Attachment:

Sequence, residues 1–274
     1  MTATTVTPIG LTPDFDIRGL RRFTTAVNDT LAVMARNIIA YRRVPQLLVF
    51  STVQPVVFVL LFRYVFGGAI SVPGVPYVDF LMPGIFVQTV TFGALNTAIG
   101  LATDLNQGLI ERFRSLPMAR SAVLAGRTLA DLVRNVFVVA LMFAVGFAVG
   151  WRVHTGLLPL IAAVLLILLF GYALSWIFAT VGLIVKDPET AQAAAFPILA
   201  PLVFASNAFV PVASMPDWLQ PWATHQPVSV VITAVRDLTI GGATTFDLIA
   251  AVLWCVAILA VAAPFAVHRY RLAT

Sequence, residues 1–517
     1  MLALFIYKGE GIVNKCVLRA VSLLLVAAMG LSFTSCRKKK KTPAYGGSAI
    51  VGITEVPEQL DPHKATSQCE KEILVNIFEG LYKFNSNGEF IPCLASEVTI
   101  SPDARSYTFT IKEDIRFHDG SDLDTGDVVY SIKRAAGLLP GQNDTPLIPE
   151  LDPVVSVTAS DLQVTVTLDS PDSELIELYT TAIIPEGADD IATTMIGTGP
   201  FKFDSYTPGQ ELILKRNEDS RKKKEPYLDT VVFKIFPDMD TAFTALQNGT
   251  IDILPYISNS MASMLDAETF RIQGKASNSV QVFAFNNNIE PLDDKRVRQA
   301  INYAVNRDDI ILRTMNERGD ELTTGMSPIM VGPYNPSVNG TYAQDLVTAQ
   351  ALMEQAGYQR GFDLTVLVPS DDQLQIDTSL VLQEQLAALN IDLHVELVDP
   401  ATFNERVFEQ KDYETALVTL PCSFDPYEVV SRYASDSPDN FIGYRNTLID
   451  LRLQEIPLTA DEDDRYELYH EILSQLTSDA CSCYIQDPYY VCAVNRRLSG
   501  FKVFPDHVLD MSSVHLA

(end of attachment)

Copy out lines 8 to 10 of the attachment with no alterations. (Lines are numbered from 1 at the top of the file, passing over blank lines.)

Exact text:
Sequence, residues 1–517
     1  MLALFIYKGE GIVNKCVLRA VSLLLVAAMG LSFTSCRKKK KTPAYGGSAI
    51  VGITEVPEQL DPHKATSQCE KEILVNIFEG LYKFNSNGEF IPCLASEVTI